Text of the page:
In tune with this evolution, Croshaw predicts a surge in personalised wellbeing programs. “Expect initiatives that offer personalised wellness plans,” she urges, “integrating resilience and mental health support, sleep hygiene, fitness programs, nutrition guidance, and stress management techniques.” This foresight recognises the diverse needs of the workforce and acknowledges that a one-size-fits-all approach is no longer sufficient.
Hybrid Working Model and Social Wellbeing
Suzie Hughes, HR and Operations Director for Gleeson Recruitment Group, and Emma-Louise Fusari, founder of In-House Health, offer their perspectives on the trajectory of hybrid working and its impact on social wellbeing in 2024.
Hughes sets the stage by highlighting the persistent trend in the continuation of the hybrid working model, noting that “Companies will continue to work using the hybrid working model and look at new ways to be flexible,” acknowledging the enduring nature of remote and hybrid work structures, shaped by the increased demand for flexibility among employees.
Building on this, Hughes draws attention to the rising prevalence of flexible working requests, citing data from The Chartered Institute of Personnel and Development (CIPD). According to her, there has been “a 40% rise in flexible working requests since the pandemic.” This surge indicates a growing appetite among employees for arrangements that align with the evolving understanding of work-life balance and flexibility.
Emma-Louise Fusari adds depth to the discussion by forecasting a shift in workplace benefits towards social wellbeing. She predicts, “In 2024, we’re going to see organisations embrace a more holistic approach to employee wellbeing.” Fusari points to the recognition that social wellbeing goes beyond interpersonal relationships and includes a sense of belonging, social inclusion, stability, and feeling valued.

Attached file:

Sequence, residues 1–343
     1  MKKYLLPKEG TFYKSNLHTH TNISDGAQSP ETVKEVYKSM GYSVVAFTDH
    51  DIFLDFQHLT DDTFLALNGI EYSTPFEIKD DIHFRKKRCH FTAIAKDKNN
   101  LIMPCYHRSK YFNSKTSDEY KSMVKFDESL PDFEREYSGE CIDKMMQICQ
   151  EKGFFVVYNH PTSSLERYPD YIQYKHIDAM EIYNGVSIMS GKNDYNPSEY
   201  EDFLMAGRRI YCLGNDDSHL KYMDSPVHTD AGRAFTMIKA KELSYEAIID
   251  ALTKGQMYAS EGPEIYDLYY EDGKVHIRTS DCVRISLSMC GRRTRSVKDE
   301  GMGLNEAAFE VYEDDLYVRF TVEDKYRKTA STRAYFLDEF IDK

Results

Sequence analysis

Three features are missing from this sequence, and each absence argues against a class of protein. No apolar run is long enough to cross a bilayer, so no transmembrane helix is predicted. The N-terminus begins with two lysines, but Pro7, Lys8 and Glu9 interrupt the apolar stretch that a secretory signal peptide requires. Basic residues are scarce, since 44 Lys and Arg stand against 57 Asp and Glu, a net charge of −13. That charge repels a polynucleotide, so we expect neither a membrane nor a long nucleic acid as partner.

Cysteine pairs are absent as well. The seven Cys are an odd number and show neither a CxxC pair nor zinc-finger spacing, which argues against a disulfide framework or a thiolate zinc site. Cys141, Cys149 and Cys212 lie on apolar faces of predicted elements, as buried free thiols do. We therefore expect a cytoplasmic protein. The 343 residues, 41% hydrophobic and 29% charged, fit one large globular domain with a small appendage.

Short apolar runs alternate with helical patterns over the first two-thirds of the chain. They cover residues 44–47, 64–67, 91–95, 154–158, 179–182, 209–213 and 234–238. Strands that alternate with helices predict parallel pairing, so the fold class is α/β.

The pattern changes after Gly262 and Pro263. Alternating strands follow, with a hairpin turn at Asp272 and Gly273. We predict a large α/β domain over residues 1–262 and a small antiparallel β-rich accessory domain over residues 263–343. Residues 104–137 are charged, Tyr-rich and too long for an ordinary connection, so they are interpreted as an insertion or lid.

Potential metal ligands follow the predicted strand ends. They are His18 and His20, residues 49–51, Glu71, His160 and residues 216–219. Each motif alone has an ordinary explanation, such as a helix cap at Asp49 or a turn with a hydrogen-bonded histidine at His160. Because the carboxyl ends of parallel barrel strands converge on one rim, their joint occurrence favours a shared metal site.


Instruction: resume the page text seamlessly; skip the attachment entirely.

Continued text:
In emphasising the importance of interpersonal skills and connection, Fusari notes, “As the debate on hybrid working continues, one thing we’ve learned over the past few years is that as humans, connection matters.” She anticipates a shift in employee support and training, moving beyond traditional health and wellbeing subjects. Instead, organisations will focus on developing their workforce’s interpersonal skills, including communication, emotional intelligence, empathy, compassion, and resilience.
The future of workplace wellbeing in 2024
Workplace wellbeing in 2024 is marked by a profound shift towards prioritising mental health, embracing AI-driven solutions, and fostering comprehensive initiatives that cater to the diverse needs of the workforce.
The prevalence of the hybrid working model highlights the evolving nature of work structures, while the emphasis on social wellbeing reflects the vital importance of human connection in the professional sphere.
The key lies in adapting support systems, acknowledging individual needs, and cultivating a holistic approach that not only values employees but also propels them toward sustained wellbeing and success.
Joanne is the editor for Workplace Wellbeing Professional and has a keen interest in promoting the safety and wellbeing of the global workforce. After earning a bachelor's degree in English literature and media studies, she taught English in China and Vietnam for two years. Before joining Work Well Pro, Joanne worked as a marketing coordinator for luxury property, where her responsibilities included blog writing, photography, and video creation.